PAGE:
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This UK Life Sef (Series) - Travel - Nairaland

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Living In The Uk-life Of An Immigrant (part 2) / Living In The Uk/life As A UK Immigrant / Please I Need Info About This UK Situation. (2) (3) (4)

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This UK Life Sef (Series) by UKLifeIssues: 2:32pm On Jul 18, 2020
Series 1 (pre-departure Routine For The Tier 2 Immigrant)

It will always involve a phone call or an email or even both. ‘Congratulations, based on your exceptional performance at the interview stage, I am pleased to say that you have been offered the job of a database administrator”. The letter/caller will further inform on the salary being offered (others get mentioned in the formal contract) and start date. You will be told that HR will contact you shortly and that folks is how the journey to the UK as a legal migrant starts.

As usual, you will be confused or shocked or just elated (if a first timer). Those who have earlier worked in the “abroad” will just smile (one of those things).

Well, for the majority of us, we start being circumspect in our actions. We no longer want to go out “anyhow” because the devil and village people can use SARS or “korofo” or anything to “dabaru” our movement, so we just start laying low.

We tell the least number of people – married folks tell their spouses; singles tell their parents and that responsible brother/sister/uncle/aunty (some even tell no one). Considering our religious inclination as Nigerians, some avoid talking to anyone about it until they have made an application and received the visa vignette (entry permit) in their passport.

We start checking our emails every day. We fill out forms from our new employer back to back (no time wasting, so they don’t change their minds), the devil is a liar. When we get issued with our CoS, we start scheming how to raise the application fee. Forget nonsense, that money will usually be raised.

We make the application and voila, the application is successful and there’s a chip on our shoulders. Things in Nigeria no longer appeal to you. That rude boss or colleague seems to be irrelevant to you nowadays. That hard to get girl all of a sudden loses appeal (you start to imagine the abundance and diversity of babes in the UK – thunder fire you there). In your dreams, you are already in the UK.

Nairaland travel section becomes your home (@Justwise, can you please assist with bla bla bla; @UKmigrant, how much did you pay for bla bla bla; @everyone I will be grateful if you can inform me on what and what I can carry as foodstuff on my flight; @ everyone, is palm oil allowed on British Airways etc). Accommodation, foodstuff, clothing, flight etc. become your daily search online. You distribute tasks – parents (foodstuff), church/exposed relation/nairaland (accommodation) etc. You get your flight sorted and on the day of departure you arrive 6 hours before take-off (no chance at all for village people).

Your parents/guardians have been praying. They must have informed their cleric about your trip. Everyone is praying for you to have a safe flight and safe entry into the UK. You must have joined numerous WhatsApp groups – Ah, this abroad, I no go dull myself o. You seek out information about Oyster card (whereas you are to be employed and live in Bradford), you try to know if Nigerian food is cheaper in Peckham (whereas your place of employment/abode is Aberdeen).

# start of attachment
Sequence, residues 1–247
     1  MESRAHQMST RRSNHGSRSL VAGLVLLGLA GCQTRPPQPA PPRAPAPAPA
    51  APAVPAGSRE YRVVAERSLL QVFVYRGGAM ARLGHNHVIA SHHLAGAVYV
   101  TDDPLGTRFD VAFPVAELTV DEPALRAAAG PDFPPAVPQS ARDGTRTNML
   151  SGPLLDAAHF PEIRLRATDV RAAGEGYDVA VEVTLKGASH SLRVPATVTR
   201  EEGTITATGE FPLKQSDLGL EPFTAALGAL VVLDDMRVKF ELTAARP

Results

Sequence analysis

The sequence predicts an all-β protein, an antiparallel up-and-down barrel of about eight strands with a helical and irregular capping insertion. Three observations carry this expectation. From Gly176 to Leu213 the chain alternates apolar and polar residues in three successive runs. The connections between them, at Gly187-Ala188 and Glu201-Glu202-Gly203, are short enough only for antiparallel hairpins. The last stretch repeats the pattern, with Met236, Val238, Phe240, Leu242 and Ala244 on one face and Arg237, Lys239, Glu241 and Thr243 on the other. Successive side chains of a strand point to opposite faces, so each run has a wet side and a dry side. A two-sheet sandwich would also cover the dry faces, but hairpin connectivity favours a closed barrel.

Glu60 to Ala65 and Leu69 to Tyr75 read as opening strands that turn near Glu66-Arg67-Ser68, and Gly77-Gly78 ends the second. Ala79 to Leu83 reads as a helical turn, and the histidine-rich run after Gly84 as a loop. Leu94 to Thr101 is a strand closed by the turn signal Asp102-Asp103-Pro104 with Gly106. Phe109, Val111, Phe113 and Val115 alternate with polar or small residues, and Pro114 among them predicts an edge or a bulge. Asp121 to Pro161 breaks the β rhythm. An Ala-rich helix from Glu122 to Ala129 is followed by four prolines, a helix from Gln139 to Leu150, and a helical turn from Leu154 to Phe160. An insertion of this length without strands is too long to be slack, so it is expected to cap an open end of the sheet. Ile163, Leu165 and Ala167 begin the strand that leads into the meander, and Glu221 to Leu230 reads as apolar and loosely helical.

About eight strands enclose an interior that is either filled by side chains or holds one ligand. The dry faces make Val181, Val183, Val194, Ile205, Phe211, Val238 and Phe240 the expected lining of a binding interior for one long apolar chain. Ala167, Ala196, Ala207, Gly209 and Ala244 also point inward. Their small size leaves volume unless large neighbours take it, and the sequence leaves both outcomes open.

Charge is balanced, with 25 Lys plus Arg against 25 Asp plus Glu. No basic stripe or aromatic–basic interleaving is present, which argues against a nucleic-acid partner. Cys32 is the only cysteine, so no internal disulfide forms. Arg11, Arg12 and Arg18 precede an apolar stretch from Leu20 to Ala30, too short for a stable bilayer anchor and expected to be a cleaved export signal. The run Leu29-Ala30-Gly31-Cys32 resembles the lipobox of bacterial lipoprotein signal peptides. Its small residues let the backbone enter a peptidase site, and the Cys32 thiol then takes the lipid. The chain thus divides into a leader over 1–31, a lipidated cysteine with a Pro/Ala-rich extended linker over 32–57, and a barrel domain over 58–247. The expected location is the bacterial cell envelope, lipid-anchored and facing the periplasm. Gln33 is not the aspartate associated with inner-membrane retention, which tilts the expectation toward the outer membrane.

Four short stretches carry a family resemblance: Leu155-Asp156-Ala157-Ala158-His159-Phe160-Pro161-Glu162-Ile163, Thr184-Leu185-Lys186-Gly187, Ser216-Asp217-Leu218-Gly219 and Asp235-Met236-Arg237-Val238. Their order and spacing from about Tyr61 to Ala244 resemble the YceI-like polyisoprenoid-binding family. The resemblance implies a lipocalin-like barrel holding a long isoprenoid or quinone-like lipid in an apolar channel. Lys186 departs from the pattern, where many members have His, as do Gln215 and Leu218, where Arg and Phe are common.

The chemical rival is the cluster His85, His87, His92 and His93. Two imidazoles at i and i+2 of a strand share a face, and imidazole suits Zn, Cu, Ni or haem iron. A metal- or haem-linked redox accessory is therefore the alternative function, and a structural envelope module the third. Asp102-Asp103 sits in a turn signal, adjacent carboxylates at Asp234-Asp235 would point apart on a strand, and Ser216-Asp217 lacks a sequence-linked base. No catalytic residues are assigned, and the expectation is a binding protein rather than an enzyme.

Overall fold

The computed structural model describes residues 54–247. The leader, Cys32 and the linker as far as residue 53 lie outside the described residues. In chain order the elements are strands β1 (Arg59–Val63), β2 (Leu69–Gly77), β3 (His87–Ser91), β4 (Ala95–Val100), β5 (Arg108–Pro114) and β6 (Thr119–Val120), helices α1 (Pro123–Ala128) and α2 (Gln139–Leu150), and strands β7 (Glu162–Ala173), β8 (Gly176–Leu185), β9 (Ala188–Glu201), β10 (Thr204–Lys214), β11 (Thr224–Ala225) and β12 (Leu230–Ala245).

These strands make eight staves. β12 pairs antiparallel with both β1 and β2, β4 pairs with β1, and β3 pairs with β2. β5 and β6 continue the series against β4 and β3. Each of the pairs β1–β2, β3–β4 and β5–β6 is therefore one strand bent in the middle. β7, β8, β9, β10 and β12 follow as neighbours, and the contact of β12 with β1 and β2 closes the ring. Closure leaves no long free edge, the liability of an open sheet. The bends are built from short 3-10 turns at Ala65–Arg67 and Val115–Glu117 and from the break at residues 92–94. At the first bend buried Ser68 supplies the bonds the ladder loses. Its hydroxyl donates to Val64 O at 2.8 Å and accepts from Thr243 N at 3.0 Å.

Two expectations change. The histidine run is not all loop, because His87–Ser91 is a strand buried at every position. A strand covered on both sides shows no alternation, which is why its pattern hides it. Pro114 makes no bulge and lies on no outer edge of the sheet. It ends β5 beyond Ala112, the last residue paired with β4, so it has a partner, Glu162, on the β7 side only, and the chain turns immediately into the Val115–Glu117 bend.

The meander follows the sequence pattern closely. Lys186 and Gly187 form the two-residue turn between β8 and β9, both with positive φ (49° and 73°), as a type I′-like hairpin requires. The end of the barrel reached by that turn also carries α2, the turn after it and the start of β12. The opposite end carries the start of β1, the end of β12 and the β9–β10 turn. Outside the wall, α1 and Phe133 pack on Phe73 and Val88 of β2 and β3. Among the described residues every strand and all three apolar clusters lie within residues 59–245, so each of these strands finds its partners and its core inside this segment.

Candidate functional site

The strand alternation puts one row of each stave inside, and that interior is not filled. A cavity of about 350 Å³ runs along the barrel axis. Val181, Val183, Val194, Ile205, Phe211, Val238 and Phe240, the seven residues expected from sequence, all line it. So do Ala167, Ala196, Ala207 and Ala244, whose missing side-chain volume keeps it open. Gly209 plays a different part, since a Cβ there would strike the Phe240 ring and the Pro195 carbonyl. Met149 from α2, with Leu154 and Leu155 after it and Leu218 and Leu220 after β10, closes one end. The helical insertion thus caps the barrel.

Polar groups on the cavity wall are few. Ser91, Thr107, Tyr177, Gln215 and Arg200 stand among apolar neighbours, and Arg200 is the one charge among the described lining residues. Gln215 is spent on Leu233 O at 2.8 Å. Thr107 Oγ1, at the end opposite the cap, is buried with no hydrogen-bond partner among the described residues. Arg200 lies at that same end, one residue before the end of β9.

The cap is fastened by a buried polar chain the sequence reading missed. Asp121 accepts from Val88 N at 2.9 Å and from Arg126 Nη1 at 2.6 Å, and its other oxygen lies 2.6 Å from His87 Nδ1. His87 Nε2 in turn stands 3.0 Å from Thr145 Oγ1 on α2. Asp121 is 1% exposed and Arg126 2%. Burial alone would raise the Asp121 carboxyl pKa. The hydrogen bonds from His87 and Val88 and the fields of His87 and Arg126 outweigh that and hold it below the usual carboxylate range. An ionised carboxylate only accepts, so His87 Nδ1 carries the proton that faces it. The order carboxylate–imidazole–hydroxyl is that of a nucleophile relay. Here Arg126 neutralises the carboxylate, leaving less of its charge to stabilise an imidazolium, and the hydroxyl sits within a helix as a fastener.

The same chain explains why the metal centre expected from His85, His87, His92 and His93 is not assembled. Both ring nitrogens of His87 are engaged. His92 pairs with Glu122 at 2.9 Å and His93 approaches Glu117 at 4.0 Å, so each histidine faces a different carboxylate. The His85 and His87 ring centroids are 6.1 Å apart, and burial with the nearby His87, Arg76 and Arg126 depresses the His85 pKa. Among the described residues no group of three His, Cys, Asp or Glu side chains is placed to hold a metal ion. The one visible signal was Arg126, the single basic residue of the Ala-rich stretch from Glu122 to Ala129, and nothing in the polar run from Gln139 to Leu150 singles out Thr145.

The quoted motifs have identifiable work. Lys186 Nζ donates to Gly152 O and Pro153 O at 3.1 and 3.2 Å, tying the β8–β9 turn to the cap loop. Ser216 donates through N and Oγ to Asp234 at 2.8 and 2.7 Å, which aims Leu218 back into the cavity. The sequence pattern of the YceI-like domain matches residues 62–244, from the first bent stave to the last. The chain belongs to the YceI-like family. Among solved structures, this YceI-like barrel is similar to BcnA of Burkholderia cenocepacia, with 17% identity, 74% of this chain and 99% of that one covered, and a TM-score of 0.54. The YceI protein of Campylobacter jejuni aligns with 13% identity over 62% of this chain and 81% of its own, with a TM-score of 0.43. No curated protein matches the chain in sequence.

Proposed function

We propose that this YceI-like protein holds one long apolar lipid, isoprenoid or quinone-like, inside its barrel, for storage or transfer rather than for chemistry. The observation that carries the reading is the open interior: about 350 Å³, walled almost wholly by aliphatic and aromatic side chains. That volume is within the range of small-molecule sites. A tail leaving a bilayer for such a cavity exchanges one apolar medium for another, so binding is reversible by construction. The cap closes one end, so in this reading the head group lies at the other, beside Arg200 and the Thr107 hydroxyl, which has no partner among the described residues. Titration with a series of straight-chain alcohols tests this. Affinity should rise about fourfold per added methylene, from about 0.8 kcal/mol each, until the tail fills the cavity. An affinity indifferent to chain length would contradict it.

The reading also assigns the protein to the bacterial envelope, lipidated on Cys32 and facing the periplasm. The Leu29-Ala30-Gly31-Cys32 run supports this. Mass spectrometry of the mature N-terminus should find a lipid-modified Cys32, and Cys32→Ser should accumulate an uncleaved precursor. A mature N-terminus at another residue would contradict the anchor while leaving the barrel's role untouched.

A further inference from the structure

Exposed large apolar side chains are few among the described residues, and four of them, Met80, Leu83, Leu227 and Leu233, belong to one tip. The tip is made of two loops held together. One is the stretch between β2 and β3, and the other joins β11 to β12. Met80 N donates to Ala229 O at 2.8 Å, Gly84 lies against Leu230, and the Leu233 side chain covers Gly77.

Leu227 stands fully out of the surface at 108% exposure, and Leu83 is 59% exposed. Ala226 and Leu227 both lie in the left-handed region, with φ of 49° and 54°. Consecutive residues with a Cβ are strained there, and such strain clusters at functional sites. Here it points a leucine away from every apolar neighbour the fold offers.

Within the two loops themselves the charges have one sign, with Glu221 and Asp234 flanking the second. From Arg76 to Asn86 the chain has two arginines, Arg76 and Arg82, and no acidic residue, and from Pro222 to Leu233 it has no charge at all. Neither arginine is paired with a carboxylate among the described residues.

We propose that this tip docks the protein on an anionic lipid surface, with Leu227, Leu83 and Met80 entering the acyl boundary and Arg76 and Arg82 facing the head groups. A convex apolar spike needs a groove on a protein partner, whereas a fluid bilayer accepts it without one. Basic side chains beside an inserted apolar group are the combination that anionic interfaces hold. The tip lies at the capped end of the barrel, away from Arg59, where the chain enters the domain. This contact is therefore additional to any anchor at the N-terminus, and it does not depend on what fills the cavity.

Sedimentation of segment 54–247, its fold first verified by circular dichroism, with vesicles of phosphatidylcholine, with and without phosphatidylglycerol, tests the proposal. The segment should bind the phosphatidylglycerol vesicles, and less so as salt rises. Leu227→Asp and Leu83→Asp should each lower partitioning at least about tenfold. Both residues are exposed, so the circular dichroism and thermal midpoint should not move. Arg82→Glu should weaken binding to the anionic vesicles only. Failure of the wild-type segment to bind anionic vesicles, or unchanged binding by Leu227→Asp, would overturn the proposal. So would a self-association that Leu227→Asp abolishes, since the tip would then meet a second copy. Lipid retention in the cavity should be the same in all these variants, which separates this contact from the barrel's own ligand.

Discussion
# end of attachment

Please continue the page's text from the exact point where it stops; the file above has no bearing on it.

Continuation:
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Re: This UK Life Sef (Series) by UKLifeIssues: 2:32pm On Jul 18, 2020
You are told that a temporary accommodation has been secured for you (residence, hostel or hotel) – fantastic. You Google the place to see how it looks. You look for fun sites around that locality. Yes, these useless Nigerian banks, let me get a “token” sef and register for email notification and online banking.

You start drawing up a list of things. First, you rummage through LinkedIn to see all those your friends and enemies who are now in the “abroad” (UK, USA, Canada, Australia and selected EU countries) and thought your destiny will end up in Nigeria – “On resumption day, I must update my LinkedIn profile and allow public notification to all my contacts so they know I have arrived”. Second, you draw up a list of those films you couldn’t watch in Nigeria due to “internet issues”. Afterall, internet is now a natural resource so, film don die finish (if only you knew). Third, you draw up a list of the places you would go – Stamford Bridge, Old Trafford, Buckingham Palace, London Bridge, Trafalgar Square, parliament etc. Fourth, you draw up a list of the original food/snacks you would eat – McDonalds (forgetting that the original is in the US), Starbucks, British fish and chips, beer (Lord have mercy). Fifth, you draw up a list of things you would buy (iPhone 11 pro max or S20 Ultra, PS4, original Nike/Adidas/Sketchers/TM, original perfume, Samsung/Apple watch etc.) and lastly, you draw up a spending/saving profile (hahahahahahahaha). I must save like mad (shey £1 = £540 on radiantlife, ah, I must be financially prudent).

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Re: This UK Life Sef (Series) by UKLifeIssues: 2:32pm On Jul 18, 2020
Well your Nigerian office may have/haven’t been aware of your departure – weren’t they supposed to have written a reference letter for you (Ah, Nigerians). “They” bid you farewell, and you promise to keep in touch (inside life).

You’ve set your affairs in Nigeria as you know for your mind say you no dey come back (despite say na 3 years your CoS dey last). You have converted all your Naira to £££, it’s in an envelope deep down your travel box. You’ve visited the barber for a last haircut. If you are single and your babe/guy is aware, na constant smooching and supply (you need not ask, it will freely be given).